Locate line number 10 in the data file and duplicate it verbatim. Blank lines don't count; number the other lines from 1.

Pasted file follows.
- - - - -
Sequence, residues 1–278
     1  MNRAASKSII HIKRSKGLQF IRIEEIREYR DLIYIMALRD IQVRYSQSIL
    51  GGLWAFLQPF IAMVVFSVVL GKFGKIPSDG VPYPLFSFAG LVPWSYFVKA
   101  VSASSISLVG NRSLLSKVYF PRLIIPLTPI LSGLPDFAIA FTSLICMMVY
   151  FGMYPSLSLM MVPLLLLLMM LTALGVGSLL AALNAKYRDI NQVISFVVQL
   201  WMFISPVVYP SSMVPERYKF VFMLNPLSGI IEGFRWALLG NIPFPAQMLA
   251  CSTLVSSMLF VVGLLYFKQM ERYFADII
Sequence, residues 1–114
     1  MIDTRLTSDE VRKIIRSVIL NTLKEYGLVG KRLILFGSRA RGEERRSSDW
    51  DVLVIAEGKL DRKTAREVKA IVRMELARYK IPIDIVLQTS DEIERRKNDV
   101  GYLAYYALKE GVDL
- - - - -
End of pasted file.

    51  DVLVIAEGKL DRKTAREVKA IVRMELARYK IPIDIVLQTS DEIERRKNDV